Very, very close up

Chris got me a camera for Christmas. He gave it to me early, because we’re going to be going on a trip, and this way I can figure out some of its astounding powers. It’s TINY, but it can do amazing things!


Freshly-hatched Bombyx caterpillars.

Keep in mind that those eggs are the size of mustard seeds, and the caterpillars are about 3 mm. long. Look at the empty (white) eggs – you can see the bite marks where the caterpillars chewed their way out!

0 replies
  1. cgronlund
    cgronlund says:

    That’s some mighty impressive macro; I’ve seen higher end cameras that can’t pull off that kind of close-up.

    Very, very cool!

    While is one of those people who get icked out by caterpillars and creepy crawlies, the silk thing fascinates me and I’m glad you’re able to share it. Neat stuff!

  2. admin
    admin says:

    It’s a Vivitar 8300S. I hadn’t thought that such a small camera would be able to get this kind of macro – but because of the high pixel count (8MP+) you can take a relatively big shot, and then crop down to tiny detail.

  3. admin
    admin says:

    Yup. These are my “seed crop” – in addition to demonstrating nicely for the folks at the State Fair, they also provide me with good quality eggs for Spring. Often the eggs from March/April are a little tired by the following Spring; I get better hatch rates if I raise a small late crop to get fresh eggs.

  4. illuviel
    illuviel says:

    Excellent pic, and they’re Bombyx babies, too.

    I was directed to your ‘journal by my sister, , avid knitter and reader of knitting communities.

    When I nattered on about my newest obsession — silk and the possibility of raising oak silkworms (and wormspit.com being inspirational in this endeavor), she informed me you were on lj, then sent your account name.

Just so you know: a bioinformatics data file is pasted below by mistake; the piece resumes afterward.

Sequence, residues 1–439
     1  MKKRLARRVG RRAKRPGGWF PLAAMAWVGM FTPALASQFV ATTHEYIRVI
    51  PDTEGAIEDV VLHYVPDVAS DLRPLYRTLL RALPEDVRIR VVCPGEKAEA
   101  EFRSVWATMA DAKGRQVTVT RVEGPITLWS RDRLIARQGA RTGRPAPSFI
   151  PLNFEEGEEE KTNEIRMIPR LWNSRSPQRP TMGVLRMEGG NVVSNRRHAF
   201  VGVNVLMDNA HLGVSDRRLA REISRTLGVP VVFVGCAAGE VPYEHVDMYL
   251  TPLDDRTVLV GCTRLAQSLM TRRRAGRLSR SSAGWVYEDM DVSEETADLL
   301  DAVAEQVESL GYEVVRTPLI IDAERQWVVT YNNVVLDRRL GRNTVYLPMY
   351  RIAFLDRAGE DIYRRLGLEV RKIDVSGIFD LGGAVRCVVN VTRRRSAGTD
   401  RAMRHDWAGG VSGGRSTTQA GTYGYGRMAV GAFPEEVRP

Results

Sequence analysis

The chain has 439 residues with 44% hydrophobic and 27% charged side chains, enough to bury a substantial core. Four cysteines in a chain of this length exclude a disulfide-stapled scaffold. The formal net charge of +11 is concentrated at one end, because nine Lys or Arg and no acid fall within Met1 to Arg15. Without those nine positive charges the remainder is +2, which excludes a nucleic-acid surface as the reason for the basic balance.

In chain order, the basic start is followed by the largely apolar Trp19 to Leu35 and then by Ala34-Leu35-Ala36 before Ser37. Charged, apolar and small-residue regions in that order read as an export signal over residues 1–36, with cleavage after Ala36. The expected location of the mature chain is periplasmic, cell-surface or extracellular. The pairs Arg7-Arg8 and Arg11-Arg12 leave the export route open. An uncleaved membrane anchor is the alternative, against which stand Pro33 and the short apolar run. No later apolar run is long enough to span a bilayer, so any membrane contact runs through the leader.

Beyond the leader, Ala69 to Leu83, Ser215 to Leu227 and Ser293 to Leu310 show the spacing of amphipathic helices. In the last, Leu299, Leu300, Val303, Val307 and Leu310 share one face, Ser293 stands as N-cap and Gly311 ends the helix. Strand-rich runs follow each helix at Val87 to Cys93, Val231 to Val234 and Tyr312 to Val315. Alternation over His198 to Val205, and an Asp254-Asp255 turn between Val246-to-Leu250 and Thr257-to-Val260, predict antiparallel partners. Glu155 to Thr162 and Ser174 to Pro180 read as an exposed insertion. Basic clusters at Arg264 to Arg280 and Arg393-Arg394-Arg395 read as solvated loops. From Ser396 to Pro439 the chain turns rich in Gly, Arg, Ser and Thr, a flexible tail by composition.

I had to laugh, as I’ve seen you in mutual friends’ journals, unconnected to silkwork. It was an interesting arabesque in which the world became even more interesting and a little smaller.

  5. admin
    admin says:

    Howdy!

    Are you wanting to raise the semi-domesticated Oak Tasar, or the wild American Polyphemus? I’m mostly done with my Polyphemus season for this year, but should have lots again in Spring.

    Also – if you’re interested, I run a Yahoo email group for silkmoth and silkworm folks. http://groups.yahoo.com/group/catherders

  6. eahhh
    eahhh says:

    I thought that was pea gravel when I saw the cropped version! Goodness gracious! I can’t wait to see the photos you take of moths now… and I already enjoyed your old ones. Tell your lovely guy thanks from us, too!

  7. illuviel
    illuviel says:

    I am most interested in the Polyphemus, as they’re native … and the idea of oak ecology garments is a very happymaking thought in a mythic living way. I’m enamored with the idea of oakmoth + spider silk = Mirkwood silk! (Yes, I am a complete geek.) I have worked with small amounts of banana spider silk in the past, and have been harboring a completely impractical desire for spidersilk stockings for years, but haven’t worked with silkworms.